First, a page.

Bhagavad Gita: Chapter 3, Verse 4

न कर्मणामनारम्भान्नैष्कर्म्यं पुरुषोऽश्नुते |
न च संन्यसनादेव सिद्धिं समधिगच्छति || 4||

na karmaṇām anārambhān naiṣhkarmyaṁ puruṣho ’śhnute
na cha sannyasanād eva siddhiṁ samadhigachchhati

nanot; karmaṇāmof actions; anārambhātby abstaining from; naiṣhkarmyamfreedom from karmic reactions; puruṣhaḥa person; aśhnuteattains; nanot; chaand; sannyasanātby renunciation; evaonly; siddhimperfection; samadhigachchhatiattains

na karmanam anarambhan naishkarmyam purusho ’shnute
na cha sannyasanad eva siddhim samadhigachchhati


BG 3.4: One cannot achieve freedom from karmic reactions by merely abstaining from work, nor can one attain perfection of knowledge by mere physical renunciation.


The first line of this verse refers to the karm yogi (follower of the discipline of work), and the second line refers to the sānkhya yogi (follower of the discipline of knowledge).

In the first line, Shree Krishna says that mere abstinence from work does not result in a state of freedom from karmic reactions. The mind continues to engage in fruitive thoughts, and since mental work is also a form of karma, it binds one in karmic reactions, just as physical work does. A true karm yogi must learn to work without any attachment to the fruits of actions. This requires cultivation of knowledge in the intellect. Hence, philosophic knowledge is also necessary for success in karm yog.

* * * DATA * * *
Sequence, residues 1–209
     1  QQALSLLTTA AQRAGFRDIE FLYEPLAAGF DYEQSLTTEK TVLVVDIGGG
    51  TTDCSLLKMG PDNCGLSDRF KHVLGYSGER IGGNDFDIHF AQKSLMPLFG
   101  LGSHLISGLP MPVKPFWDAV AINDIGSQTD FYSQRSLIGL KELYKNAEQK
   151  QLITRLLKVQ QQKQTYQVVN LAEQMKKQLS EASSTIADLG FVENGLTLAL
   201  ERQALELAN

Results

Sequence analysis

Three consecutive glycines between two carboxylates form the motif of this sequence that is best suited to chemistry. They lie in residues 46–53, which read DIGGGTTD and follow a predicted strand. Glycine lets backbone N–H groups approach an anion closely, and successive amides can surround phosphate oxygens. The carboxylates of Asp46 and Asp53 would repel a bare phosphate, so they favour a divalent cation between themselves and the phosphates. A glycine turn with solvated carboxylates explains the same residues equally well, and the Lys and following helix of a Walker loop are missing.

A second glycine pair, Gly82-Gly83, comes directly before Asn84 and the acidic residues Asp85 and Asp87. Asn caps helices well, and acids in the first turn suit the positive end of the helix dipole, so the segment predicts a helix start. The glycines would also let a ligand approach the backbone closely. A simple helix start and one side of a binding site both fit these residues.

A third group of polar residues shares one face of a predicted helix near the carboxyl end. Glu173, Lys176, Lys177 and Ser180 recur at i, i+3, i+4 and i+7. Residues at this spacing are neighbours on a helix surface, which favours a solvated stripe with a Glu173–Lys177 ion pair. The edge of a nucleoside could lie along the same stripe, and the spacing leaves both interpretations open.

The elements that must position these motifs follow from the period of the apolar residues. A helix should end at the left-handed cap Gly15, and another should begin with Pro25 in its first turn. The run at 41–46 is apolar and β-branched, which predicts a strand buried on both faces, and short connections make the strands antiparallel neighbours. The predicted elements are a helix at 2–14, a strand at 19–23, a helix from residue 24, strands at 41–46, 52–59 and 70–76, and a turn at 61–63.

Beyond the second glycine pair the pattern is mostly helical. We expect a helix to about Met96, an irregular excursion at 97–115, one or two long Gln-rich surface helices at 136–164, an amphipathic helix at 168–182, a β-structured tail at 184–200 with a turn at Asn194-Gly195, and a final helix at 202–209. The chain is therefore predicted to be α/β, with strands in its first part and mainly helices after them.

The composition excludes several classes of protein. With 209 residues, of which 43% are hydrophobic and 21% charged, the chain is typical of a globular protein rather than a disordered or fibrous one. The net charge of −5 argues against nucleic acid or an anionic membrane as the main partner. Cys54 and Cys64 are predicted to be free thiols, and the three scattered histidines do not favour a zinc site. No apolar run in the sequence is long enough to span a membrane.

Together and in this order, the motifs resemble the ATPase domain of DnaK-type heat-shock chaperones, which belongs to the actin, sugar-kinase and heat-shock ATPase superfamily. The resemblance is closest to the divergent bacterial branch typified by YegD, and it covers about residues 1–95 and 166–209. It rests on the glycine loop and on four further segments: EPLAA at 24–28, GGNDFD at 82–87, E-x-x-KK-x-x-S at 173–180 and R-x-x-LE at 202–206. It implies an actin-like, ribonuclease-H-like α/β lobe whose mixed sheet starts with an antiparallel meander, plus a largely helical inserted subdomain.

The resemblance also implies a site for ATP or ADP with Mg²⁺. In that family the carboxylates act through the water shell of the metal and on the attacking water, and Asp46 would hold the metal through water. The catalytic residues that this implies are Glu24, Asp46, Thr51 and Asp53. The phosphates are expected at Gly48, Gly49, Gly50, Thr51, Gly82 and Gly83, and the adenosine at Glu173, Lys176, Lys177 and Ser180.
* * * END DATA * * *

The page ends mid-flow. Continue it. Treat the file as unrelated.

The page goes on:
In the second line, Shree Krishna declares that the sānkhya yogi cannot attain the state of knowledge merely by renouncing the world and becoming a monk. One may give up the physical objects of the senses, but true knowledge cannot awaken as long as the mind remains impure. The mind has a tendency to repeat its previous thoughts. Such repetition creates a channel within the mind, and new thoughts flow irresistibly in the same direction. Out of previous habit, the materially contaminated mind keeps running in the direction of anxiety, stress, fear, hatred, envy, attachment, and the whole gamut of material emotions. Thus, realized knowledge will not appear in an impure heart by mere physical renunciation. It must be accompanied by congruent action that purifies the mind and intellect. Therefore, action is also necessary for success in sānkhya yog.

It is said that devotion without philosophy is sentimentality, and philosophy without devotion is intellectual speculation. Action and knowledge are necessary in both karm yog and sānkhya yog. It is only their proportion that varies, creating the difference between the two paths.

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